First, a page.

Hannah Baker has killed herself. Before she did, she recorded a series of cassette tapes telling her story, and explaining how thirteen people were involved in her decision. Before taking her life, she mails the box of cassettes to the first person on the list, with instructions that when they have listened, they are to mail it to the next person, and so on. If at any point someone doesn't pass the tapes to the next person, a second copy of the tapes will be released publicly.
Through the book, we alternate hearing Hannah's voice, and the thoughts of Clay Jensen, who is listening to the tapes after they were sent to him.
In addition to the obvious suicide prevention message, the book asks us to be conscious of the fact that our lives intersect with the lives of everyone we come in contact with every day. All of our interactions with other people have the potential to be extremely significant to them in ways that we are unable to see. A few of the people on Hannah's list have done terrible things, which anyone would be profoundly and negatively affected by. But others on her list are only guilty of minor acts that they would never even realize had an affect on someone else's life, or if it did, would assume it wouldn't amount to anything.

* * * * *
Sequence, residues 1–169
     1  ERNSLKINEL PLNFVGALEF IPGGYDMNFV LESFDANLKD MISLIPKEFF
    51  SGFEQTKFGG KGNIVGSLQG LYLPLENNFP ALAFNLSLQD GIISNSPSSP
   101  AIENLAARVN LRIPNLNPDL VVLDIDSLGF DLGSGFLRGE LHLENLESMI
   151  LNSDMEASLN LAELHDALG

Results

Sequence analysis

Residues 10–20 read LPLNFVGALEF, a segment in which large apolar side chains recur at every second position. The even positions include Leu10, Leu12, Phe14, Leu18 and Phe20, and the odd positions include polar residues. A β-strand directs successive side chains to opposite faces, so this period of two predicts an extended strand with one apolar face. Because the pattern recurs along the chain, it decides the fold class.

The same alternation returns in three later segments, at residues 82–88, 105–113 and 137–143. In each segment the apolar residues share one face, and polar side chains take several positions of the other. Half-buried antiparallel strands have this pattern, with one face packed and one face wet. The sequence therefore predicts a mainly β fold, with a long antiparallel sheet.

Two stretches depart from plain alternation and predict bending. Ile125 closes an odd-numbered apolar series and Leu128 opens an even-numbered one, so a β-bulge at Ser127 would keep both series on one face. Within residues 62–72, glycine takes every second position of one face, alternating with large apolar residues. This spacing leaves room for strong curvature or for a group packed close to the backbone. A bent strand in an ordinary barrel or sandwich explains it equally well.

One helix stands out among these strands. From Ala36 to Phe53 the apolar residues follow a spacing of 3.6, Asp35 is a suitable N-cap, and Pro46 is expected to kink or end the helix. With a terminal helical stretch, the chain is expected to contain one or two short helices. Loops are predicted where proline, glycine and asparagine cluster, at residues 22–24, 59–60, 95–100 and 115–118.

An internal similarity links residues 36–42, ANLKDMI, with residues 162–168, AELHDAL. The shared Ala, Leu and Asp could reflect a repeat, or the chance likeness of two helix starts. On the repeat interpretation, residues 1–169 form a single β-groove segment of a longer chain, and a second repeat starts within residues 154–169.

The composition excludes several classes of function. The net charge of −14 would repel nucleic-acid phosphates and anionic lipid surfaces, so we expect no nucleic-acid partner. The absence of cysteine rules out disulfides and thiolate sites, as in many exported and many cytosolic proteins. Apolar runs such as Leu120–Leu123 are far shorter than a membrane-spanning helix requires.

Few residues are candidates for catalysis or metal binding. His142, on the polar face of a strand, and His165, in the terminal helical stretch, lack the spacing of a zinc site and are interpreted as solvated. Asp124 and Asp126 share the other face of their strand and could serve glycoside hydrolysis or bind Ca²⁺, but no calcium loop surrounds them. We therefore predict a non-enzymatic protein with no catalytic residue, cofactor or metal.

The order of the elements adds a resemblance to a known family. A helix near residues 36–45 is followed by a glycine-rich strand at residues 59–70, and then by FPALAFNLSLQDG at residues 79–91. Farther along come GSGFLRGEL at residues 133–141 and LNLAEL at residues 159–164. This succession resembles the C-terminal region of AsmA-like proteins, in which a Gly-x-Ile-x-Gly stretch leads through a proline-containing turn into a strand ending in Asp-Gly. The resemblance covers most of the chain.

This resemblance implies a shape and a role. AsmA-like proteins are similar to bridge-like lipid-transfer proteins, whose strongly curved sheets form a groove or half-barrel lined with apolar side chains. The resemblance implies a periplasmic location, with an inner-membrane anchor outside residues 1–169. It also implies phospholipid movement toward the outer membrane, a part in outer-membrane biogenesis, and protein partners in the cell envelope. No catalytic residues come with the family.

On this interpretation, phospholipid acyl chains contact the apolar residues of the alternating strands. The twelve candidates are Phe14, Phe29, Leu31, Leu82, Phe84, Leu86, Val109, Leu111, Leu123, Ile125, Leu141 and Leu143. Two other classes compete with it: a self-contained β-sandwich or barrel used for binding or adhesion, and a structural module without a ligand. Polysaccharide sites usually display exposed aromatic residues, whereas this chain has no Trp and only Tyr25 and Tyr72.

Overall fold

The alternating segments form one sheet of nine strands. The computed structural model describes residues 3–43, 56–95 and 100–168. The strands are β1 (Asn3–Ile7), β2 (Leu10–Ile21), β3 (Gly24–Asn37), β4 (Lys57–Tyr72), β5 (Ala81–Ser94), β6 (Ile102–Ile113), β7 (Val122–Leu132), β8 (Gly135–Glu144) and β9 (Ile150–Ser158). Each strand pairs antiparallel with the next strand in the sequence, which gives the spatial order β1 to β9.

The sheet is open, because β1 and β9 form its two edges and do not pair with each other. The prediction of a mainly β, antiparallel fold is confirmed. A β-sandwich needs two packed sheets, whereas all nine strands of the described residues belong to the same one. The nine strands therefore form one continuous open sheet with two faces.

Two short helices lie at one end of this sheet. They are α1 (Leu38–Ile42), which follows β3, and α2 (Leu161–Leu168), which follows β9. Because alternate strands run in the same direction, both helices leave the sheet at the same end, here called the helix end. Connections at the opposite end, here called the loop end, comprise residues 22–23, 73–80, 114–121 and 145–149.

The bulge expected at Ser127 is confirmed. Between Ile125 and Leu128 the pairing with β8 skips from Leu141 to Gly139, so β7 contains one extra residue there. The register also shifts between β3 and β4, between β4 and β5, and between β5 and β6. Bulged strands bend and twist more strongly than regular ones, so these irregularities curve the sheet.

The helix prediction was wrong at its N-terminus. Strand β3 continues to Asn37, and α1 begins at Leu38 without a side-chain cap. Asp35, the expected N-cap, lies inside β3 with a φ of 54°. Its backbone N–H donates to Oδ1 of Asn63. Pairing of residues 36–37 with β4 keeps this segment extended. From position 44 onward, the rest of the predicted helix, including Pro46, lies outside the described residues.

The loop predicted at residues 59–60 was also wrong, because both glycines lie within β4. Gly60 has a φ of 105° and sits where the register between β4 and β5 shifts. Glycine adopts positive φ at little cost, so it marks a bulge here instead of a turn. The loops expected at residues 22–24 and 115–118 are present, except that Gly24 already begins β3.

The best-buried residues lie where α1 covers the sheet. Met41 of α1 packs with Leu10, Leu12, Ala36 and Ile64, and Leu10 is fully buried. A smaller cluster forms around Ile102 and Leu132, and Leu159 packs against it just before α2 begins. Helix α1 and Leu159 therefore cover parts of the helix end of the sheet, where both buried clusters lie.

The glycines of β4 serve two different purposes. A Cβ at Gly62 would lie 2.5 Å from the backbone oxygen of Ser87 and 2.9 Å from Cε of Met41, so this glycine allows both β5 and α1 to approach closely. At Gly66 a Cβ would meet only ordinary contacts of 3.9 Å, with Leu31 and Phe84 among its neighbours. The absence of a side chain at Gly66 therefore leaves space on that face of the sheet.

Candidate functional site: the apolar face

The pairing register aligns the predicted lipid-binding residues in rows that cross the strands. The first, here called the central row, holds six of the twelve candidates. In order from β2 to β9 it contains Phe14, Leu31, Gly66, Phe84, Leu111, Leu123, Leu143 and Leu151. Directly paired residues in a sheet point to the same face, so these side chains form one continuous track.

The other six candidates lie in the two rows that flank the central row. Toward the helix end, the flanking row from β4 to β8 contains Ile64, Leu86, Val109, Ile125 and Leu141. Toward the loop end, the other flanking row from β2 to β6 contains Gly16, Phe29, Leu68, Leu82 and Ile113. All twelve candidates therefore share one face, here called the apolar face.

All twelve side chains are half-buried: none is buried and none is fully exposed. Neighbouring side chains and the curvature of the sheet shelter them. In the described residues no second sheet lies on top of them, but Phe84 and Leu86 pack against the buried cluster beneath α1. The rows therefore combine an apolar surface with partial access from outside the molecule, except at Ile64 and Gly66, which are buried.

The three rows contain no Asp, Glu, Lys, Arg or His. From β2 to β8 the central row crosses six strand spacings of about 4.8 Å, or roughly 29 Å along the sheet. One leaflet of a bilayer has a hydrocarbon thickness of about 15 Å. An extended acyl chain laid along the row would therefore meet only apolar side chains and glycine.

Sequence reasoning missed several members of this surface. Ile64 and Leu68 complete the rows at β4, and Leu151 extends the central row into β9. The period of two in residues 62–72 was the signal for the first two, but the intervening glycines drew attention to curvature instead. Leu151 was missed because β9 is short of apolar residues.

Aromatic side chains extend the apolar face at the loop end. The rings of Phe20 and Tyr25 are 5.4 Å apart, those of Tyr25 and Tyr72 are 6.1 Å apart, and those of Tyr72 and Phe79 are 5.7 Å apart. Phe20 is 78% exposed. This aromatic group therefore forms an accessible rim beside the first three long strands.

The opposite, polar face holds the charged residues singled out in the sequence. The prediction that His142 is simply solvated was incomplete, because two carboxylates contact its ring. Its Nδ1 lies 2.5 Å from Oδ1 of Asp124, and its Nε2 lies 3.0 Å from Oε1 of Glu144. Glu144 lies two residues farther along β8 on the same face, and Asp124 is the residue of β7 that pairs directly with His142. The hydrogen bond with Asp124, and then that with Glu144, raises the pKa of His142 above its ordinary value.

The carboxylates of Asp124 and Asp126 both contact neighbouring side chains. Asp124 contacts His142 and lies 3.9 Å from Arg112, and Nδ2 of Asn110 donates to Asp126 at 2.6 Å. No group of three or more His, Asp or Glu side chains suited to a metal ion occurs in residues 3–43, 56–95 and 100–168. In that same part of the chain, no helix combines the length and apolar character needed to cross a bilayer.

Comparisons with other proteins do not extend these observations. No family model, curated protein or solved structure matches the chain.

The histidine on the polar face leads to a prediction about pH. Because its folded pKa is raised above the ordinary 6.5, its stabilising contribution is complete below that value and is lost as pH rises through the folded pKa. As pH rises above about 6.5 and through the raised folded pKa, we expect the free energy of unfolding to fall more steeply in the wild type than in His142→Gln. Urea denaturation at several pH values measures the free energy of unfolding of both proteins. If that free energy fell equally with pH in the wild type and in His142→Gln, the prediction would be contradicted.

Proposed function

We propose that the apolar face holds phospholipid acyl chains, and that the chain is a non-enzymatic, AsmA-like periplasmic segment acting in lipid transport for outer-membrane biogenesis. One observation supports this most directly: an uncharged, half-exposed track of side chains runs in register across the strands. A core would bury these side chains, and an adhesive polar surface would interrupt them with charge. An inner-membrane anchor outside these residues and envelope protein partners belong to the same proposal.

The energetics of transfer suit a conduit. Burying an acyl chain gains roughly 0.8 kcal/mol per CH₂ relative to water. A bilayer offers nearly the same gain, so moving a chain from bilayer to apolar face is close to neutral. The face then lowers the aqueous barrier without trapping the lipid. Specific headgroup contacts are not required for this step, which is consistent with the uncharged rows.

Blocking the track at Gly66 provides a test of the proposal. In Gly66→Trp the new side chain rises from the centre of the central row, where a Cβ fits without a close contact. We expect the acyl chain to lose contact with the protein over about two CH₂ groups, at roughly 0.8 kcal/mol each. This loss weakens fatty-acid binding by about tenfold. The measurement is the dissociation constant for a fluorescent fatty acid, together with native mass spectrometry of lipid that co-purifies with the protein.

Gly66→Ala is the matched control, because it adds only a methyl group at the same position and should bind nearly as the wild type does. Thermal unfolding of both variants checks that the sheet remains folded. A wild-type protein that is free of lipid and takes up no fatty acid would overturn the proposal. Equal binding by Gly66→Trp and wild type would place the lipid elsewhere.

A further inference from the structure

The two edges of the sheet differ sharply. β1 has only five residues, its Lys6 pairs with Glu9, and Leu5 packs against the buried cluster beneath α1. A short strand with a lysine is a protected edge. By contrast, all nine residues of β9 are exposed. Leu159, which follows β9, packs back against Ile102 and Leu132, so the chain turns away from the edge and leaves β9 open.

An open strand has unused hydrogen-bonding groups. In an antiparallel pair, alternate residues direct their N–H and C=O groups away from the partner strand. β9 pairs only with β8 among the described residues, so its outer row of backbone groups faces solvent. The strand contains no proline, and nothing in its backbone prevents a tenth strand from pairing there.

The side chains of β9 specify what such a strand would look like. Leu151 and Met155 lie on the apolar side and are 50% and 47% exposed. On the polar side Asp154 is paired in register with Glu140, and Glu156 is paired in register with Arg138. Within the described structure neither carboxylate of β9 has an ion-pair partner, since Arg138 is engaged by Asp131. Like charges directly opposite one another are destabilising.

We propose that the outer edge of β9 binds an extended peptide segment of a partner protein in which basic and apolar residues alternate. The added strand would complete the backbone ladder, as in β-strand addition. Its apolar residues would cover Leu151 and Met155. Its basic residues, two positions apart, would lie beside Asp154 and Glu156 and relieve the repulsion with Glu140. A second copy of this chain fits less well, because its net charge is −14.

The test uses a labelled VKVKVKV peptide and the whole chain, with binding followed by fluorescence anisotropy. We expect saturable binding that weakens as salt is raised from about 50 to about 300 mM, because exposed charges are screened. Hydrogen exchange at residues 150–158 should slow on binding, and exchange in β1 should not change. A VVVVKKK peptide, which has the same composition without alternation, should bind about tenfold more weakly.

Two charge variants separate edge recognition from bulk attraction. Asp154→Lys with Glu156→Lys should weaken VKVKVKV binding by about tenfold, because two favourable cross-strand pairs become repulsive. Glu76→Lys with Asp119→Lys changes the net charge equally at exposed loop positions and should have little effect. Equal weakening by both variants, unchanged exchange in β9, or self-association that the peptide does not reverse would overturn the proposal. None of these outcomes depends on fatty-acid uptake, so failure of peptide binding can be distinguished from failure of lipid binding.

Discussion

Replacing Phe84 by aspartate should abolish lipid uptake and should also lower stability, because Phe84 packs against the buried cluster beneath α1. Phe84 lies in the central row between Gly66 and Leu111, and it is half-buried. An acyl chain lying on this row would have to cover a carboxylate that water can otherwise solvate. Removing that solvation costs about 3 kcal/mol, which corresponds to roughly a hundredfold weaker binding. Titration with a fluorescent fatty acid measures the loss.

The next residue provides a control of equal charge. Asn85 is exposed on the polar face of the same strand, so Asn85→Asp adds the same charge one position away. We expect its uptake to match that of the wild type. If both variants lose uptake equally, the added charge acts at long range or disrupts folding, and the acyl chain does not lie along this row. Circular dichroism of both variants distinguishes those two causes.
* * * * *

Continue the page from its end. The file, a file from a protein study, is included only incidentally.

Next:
It's a teen book with some depth that will stick with you. ( )
  fingerpost | May 20, 2017 |
Hannah Baker, a teenage girl who commits suicide, leaves behind a series of recorded narratives that explain how a series of microaggressions (and more than a few macroaggressions) committed by her peers led to her decision to end her life. Clay, a friend of hers who harbored a secret crush, listens to the heartbreaking tales and struggles to make sense of what he learns as he intertwines his own narrative with Hannah’s. This is by no means your typical YA fare.